Alright, so, uh, the Kansas City Royals won against the Seattle Mariners 7-6.
That does not remotely tell the story.
This game had everything. Brady Singer dominated. Bobby Witt Jr. had four hits, including an inside-the-park home run. The Royals had 14 hits overall. Salvador Perez had a three-run home run as one of them. The bullpen imploded. And the Royals roared back, walking it off on the un-defendable Dairon Blanco-Samad Taylor bunt play.
But we gotta start somewhere. The Royals struck first and struck hard. Maikel Garcia and Witt led off with back-to-back singles, and Michael Massey bunted them over. But it didn’t matter where they were because Salvador Perez, The Captain, golfed a low pitch to straightaway center field for a home run. It was a glorious shot.
The Royals kept wearing on Mariners starter Logan Gilbert. In the second inning, Garcia and Witt again had back-to-back singles. And in the fourth inning, Drew Waters worked an impressive 11-pitch walk. The Royals finally kicked Gilbert out of the game following a Witt inside-the-park home run—though as you can see with this video, there’s a nonzero chance it gets turned into an error because Dominic Canzone lost it in the lights and did get a glove on it.
But the bigger story than Witt’s or Perez’s fast and giant dongs, respectively, was Brady Singer’s total dominance. Singer carried a perfect game into the fifth inning until Singer uncorked four consecutive balls to Cade Marlowe. He then carried a no-hitter until the last out of the seventh inning when Canzone cleanly singled to right field.
Singer was totally, absolutely dominant. His slider was unhittable for most of the evening. His fastball was zipping into the strike zone. He even threw a couple changeups and got a swinging strikeout on one. Singer ended with seven innings with eight strikeouts, two baserunners given up, and zero runs...
...or that’s what he would have done if Matt Quatraro hadn’t sent him out to the eighth inning for some reason. This is the second time this season Quatraro has sent Singer out in the eighth or ninth inning after Singer had thrown a whole bunch of pitches. And, hey, it didn’t work again! Singer gave up two hits and could only get one out.
I never like when managers do this. What’s the benefit? Singer gets an eighth inning? You’re still gonna need something out of the bullpen. We all know that hitters do better the third and fourth time around the order. If Singer gives you seven scoreless innings at 90+ pitches, just take it and give the bullpen a clean inning.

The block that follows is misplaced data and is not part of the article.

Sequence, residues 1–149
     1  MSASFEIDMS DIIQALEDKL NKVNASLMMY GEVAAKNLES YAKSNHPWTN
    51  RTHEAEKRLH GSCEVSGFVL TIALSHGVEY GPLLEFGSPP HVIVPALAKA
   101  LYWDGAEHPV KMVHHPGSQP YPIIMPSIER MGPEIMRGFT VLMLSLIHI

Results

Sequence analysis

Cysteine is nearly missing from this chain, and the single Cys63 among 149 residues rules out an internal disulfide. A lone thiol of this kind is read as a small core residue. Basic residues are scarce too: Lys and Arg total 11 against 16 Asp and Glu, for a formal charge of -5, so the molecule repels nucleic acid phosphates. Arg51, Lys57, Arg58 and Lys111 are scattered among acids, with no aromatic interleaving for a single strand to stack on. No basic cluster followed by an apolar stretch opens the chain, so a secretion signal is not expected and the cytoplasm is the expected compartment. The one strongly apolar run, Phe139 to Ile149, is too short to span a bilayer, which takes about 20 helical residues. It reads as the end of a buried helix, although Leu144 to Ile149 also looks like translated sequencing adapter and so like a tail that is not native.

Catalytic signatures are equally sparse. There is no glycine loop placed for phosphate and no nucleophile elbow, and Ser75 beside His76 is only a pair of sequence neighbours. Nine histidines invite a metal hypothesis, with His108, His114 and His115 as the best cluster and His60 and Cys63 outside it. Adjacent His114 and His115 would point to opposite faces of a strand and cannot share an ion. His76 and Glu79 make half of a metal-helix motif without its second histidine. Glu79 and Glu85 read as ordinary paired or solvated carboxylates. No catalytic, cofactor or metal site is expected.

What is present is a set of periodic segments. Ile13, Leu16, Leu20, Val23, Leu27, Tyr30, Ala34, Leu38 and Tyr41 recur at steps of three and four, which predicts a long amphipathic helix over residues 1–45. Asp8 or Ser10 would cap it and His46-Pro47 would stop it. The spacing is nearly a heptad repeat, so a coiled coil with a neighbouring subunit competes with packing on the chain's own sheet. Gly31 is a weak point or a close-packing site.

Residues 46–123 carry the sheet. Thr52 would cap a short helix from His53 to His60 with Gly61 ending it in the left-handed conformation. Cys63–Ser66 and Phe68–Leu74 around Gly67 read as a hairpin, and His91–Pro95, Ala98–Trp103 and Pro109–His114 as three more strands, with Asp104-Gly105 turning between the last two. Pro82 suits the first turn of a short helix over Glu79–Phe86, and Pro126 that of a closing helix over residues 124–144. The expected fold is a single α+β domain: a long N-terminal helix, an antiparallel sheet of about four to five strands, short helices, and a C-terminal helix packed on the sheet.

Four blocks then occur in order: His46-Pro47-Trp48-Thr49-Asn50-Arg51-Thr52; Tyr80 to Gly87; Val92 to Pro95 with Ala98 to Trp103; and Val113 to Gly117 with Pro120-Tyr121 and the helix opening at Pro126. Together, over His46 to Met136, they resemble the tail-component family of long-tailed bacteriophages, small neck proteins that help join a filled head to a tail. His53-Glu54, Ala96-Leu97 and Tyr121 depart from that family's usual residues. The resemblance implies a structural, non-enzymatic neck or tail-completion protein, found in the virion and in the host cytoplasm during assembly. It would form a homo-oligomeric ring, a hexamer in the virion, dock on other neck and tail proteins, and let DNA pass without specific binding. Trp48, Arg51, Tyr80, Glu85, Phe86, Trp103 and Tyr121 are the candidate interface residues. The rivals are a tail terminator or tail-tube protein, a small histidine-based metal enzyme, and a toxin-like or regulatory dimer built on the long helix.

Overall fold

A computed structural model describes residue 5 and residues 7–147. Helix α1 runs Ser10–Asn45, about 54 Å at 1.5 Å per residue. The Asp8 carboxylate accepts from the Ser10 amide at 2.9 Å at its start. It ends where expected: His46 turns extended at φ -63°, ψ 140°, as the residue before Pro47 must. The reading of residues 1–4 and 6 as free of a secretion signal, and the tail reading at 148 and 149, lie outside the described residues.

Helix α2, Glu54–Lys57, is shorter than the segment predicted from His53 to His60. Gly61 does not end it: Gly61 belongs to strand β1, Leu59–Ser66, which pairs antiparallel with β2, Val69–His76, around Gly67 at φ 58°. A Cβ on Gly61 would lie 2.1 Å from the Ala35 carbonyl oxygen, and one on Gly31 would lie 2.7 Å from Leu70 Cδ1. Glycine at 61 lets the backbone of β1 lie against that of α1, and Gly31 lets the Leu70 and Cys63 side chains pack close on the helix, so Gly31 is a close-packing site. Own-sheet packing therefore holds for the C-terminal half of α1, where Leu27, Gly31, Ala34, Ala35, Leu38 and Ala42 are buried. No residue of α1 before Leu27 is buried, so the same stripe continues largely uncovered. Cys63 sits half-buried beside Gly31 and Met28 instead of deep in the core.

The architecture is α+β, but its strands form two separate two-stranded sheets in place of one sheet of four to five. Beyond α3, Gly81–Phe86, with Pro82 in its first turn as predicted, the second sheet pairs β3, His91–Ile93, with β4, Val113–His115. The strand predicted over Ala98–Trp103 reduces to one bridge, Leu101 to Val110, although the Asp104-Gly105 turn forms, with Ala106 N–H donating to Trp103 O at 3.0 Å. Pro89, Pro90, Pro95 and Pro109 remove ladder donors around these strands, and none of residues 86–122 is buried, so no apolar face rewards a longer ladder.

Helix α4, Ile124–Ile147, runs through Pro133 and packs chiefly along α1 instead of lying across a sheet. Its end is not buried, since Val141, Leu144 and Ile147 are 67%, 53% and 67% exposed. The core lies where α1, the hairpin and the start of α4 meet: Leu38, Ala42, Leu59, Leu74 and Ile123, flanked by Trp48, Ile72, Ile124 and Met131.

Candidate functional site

Although, begrudgingly, maybe Quatraro had the right idea considering the rest of what happened.
Carlos Hernandez came in for Singer and immediately started pitching in the strike zone—a little too in the strike zone—and the Mariners got three consecutive hits off him. But he got swings and misses and struck two out to close out the inning. Look: Hernandez was fine. He got eight swings and misses on 18 pitches. No walks. Still, Singer’s two men left on base scored, and Hernandez allowed two of his own to score to make it 5-4, Royals.
In the top of the ninth inning, though, the Mariners came roaring back. Austin Cox walked a pair. Nick Wittgren then gave up two more hits. 6-5, Mariners. It was certainly a frustrating inning.
Fortunately, it was not the end. Witt led off the bottom of the ninth with a single. He was attempting to steal second base when Massey ripped a single to right field, allowing Witt to go to third base. Samad Taylor pinch ran for Massey, stole a base, and went to third as Witt scored on a Salvy fly ball.
Dairon Blanco, who entered the game earlier as a defensive replacement for MJ Melendez, then proceed to do what he does best: lay down a perfect bunt to score Taylor from third base. The next time a team defends this play will be the first.
Eight runs were scored in the eighth and ninth innings alone. Eight. Crazy. The Royals have now won eight of their last nine games at Kauffman Stadium. Whew. I’m going to go take a shower and then go to bed. Emotionally draining night—but it was a baseball game to remember.